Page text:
from Wiktionary, Creative Commons Attribution/Share-Alike License
- n. An advocate of monism.
from the GNU version of the Collaborative International Dictionary of English
- n. A believer in monism.
from The Century Dictionary and Cyclopedia
- n. An adherent of the metaphysical doctrine of monism in some one of its forms.
- Same as monistic.
Sorry, no etymologies found.
I don't mind being called a monist, but I naively suspect that "subjective conciousness" can be explained with upcoming advances in "physical" theory.
‘Into the Cool’ is exactly the kind of monist ‘Unified Theory’ material I was referring to.
Yet it would seem that such a proposition must be held by a materialist, or by what can be implied by the term "monist," used in its narrowest and most unphilosophic sense -- a sense which would be better expressed by the term materialistic-monist, with a limitation of the term matter to the terrestrial chemical elements and their combinations, _i. e._, to that form of substance to which the human race has grown accustomed -- a sense which tends to exclude ethereal and other generalisations and unknown possibilities such as would occur to a philosophic monist of the widest kind.
I suppose what I'm saying is, there are a variety of views that can mesh with the science – dualist, monist, and otherwise.
Forgive me when I talk about views 'you' can take – dualist or monist.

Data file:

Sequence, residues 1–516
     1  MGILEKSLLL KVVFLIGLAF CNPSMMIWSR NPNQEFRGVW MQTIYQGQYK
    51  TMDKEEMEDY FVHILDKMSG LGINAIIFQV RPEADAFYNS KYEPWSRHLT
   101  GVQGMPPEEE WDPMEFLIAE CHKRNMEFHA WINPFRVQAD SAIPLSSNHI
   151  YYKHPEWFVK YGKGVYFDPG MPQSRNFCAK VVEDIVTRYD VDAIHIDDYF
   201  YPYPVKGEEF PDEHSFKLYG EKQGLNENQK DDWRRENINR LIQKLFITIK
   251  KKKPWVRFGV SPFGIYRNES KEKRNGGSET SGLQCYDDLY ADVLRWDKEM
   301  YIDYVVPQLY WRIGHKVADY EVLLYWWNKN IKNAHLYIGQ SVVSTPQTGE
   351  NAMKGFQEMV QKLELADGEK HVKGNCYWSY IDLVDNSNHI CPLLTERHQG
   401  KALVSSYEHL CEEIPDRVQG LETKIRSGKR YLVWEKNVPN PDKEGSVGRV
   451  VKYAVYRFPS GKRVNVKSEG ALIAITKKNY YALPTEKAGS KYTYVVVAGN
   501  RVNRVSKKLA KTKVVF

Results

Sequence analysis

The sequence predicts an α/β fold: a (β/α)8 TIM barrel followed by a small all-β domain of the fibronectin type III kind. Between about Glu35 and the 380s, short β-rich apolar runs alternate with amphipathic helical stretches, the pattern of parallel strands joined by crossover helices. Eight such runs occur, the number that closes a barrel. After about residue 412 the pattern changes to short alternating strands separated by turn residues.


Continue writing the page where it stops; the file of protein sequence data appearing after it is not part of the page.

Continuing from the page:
Now, I don't deny that you can take a monist view that accounts or allows for these things, and slap the label 'materialist' or 'physicalist' on there.
He likes Type-F best, but also acknowledges that similar to Type-F, a Type-I monist (i.e. idealism), is also viable solution.
That was the point of my post with regards to Galen Strawson (who denies free will in any meaningful sense, but at the same time also upends the cart that is materialism in the Dennett/Churchland/etc sense) and the rest, who all come close to each other one what the universe is 'really' made of, while at the same time they call it materialist, not-materialist but monist, or out and out dualist.
I don't think of my belief system as monist or dualist … it only so happens to appear dualist, in that I factor out Mind and think of it as distinct from matter.
Regardless of the extent to which the Supremacy Clause reflects a monist approach to treaties, I think you need to remember that in the 18th Century, treaties were about diplomacy and statecraft.